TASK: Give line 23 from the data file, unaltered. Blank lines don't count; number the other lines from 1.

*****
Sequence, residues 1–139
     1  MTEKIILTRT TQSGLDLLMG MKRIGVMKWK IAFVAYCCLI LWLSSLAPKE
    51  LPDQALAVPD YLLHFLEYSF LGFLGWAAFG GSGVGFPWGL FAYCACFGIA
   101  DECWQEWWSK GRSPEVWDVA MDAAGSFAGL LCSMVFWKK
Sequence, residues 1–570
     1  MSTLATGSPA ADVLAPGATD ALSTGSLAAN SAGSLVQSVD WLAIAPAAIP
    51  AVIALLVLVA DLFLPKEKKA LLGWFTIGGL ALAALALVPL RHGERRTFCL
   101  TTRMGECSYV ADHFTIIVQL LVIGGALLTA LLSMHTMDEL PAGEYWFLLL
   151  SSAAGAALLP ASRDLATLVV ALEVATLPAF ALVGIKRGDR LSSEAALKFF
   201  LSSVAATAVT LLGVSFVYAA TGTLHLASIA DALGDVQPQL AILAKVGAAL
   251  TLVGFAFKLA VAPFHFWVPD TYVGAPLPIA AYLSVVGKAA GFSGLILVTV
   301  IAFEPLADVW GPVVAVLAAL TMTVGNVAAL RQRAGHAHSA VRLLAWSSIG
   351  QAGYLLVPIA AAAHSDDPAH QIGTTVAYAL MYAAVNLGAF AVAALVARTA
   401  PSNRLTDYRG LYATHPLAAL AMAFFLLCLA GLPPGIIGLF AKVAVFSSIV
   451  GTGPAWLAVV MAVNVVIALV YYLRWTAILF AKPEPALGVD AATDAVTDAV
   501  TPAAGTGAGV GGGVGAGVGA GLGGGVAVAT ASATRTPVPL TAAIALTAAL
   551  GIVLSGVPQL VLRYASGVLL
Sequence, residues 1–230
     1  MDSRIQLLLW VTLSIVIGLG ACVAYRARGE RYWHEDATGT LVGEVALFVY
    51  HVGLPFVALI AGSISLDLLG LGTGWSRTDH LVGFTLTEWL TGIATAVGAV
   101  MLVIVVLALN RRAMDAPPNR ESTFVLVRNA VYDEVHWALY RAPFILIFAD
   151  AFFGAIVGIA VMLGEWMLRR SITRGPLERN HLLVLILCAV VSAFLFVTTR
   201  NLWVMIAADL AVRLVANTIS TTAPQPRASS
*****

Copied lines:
   201  NLWVMIAADL AVRLVANTIS TTAPQPRASS